The project generated so much interest from a story in Chicago Jewish News that he began getting requests for lectures even before the books came out, he says.

Now the book is out. It's "Doors of Redemption" (BookSurge, LLC), a spiral- bound volume that contains more than 200 photographs of Chicago-area synagogues and communal buildings, grouped by neighborhoods, along with photos of bygone Jewish life and anecdotal reminiscences connected to many of the buildings and neighborhoods.

Packer is amazed at the reception the book has received. "It has turned into an unusual book of memories," he says. "With most of the photographs there is a story, and these stories are so poignant, so strong, the appeal is amazing-not just to the Jewish community. I'm getting at least as strong a reception from non-Jewish people." He believes that's because "the stories are so universal, about people's struggles, about families, neighborhoods."

Interest in the book has "exploded," he says, and he is receiving many requests for talks and book signings. Non-Jews "are saying, I found out I have a Jewish grandmother, grandfather. It has turned into a Chicago story." The administrator of a Chicago synagogue bought 12 copies, and others tell him they are buying the book as gifts for older relatives or friends or for their rabbi.

"I thought I was doing something good but I didn't know I was doing something so compelling to other people," he says. At a recent talk he gave at the Buffalo Grove Public Library, for instance, more than 100 people attended. And during an interview on WBEZ, he and the reporter traveled to several of the neighborhoods he chronicles in the book.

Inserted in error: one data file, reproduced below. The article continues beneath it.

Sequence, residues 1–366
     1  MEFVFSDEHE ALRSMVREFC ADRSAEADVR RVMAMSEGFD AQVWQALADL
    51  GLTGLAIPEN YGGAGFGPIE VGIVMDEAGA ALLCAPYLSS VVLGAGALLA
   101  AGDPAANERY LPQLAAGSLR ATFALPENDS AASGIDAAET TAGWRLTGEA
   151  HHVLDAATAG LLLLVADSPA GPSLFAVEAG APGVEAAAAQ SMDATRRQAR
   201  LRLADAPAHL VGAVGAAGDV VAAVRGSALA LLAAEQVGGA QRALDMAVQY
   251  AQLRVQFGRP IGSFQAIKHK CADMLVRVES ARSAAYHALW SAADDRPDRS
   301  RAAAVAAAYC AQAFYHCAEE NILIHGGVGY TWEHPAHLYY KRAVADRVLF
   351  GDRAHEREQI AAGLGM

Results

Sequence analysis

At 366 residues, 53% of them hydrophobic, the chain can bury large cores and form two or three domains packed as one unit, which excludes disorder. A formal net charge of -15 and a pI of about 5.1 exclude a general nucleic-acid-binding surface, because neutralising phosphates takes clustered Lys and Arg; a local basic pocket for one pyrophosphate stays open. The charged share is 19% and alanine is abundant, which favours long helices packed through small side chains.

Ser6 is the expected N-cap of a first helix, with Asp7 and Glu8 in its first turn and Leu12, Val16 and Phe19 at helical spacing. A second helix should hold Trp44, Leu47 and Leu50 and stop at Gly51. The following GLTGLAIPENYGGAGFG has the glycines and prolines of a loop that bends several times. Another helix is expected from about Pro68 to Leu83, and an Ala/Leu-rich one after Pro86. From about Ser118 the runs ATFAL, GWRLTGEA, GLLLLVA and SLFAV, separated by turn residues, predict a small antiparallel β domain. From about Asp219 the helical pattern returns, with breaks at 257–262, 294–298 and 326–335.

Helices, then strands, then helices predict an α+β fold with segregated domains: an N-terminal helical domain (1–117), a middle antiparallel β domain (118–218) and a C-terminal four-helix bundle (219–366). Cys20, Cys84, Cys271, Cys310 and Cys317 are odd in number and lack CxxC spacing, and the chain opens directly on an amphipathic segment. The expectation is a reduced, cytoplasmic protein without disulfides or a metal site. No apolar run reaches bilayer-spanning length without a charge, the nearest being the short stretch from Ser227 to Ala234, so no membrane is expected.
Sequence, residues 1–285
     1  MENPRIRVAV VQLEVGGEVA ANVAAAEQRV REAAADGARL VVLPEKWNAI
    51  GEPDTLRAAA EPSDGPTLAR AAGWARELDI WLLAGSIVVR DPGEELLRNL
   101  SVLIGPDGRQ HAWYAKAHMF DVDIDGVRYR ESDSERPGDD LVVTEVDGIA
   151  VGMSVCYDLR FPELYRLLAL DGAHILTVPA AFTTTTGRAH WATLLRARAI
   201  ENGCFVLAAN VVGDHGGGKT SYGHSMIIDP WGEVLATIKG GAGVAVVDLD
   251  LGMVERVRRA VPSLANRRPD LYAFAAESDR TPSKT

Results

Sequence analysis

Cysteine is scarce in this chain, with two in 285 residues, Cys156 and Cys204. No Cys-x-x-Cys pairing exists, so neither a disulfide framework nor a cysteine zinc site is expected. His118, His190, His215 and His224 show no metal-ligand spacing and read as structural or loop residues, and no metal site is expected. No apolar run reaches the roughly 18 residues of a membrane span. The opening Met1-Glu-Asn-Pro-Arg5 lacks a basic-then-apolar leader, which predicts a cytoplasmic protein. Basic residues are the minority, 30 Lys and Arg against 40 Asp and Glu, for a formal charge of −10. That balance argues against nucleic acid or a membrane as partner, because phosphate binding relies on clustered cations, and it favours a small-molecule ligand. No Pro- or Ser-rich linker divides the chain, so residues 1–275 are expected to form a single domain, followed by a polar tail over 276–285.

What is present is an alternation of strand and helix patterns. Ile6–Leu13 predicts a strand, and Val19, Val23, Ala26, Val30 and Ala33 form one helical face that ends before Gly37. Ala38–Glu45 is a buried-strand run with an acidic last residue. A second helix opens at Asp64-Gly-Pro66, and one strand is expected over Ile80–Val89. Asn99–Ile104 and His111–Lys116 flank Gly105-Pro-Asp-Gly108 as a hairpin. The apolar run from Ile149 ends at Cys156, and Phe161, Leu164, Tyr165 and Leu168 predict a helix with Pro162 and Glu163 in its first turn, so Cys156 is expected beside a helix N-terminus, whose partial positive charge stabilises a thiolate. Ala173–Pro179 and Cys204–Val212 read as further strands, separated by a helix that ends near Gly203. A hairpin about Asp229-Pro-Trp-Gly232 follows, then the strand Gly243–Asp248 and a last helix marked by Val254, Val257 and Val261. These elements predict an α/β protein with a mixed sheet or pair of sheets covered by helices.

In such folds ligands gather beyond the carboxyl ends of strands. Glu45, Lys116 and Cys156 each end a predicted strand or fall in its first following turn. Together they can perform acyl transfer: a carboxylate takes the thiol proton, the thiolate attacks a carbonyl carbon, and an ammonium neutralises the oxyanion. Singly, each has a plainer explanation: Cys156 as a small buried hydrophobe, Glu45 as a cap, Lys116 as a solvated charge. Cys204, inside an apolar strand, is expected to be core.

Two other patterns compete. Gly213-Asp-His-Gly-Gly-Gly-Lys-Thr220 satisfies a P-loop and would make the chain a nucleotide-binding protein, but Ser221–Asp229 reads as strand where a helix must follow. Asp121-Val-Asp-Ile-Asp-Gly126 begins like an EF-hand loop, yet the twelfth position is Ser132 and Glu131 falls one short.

As for Jews, especially older ones, "they love being able to go back into their youth, their childhood" through his pictures, he says. In addition, he adds, "people are as intrigued with how I did it as with what was done. 'Tell us about your journey,' people say."

That journey led him to hear some intriguing stories. One of his favorites concerns a doorman at the Lake Point Towers condo building who told Packer about something that happened to him during the Depression. "A Jewish family drove up in front of Temple Sinai and they had a blowout. He fixed the tire and the man gave him $1.50. That was a fortune- he was making $3 a week," Packer relates.

In another anecdote, a woman in her 80s relates that when she was a newlywed, she made a request of her Orthodox rabbi, asking him whether young couples couldn't sit together and not in separate men's and women's sections.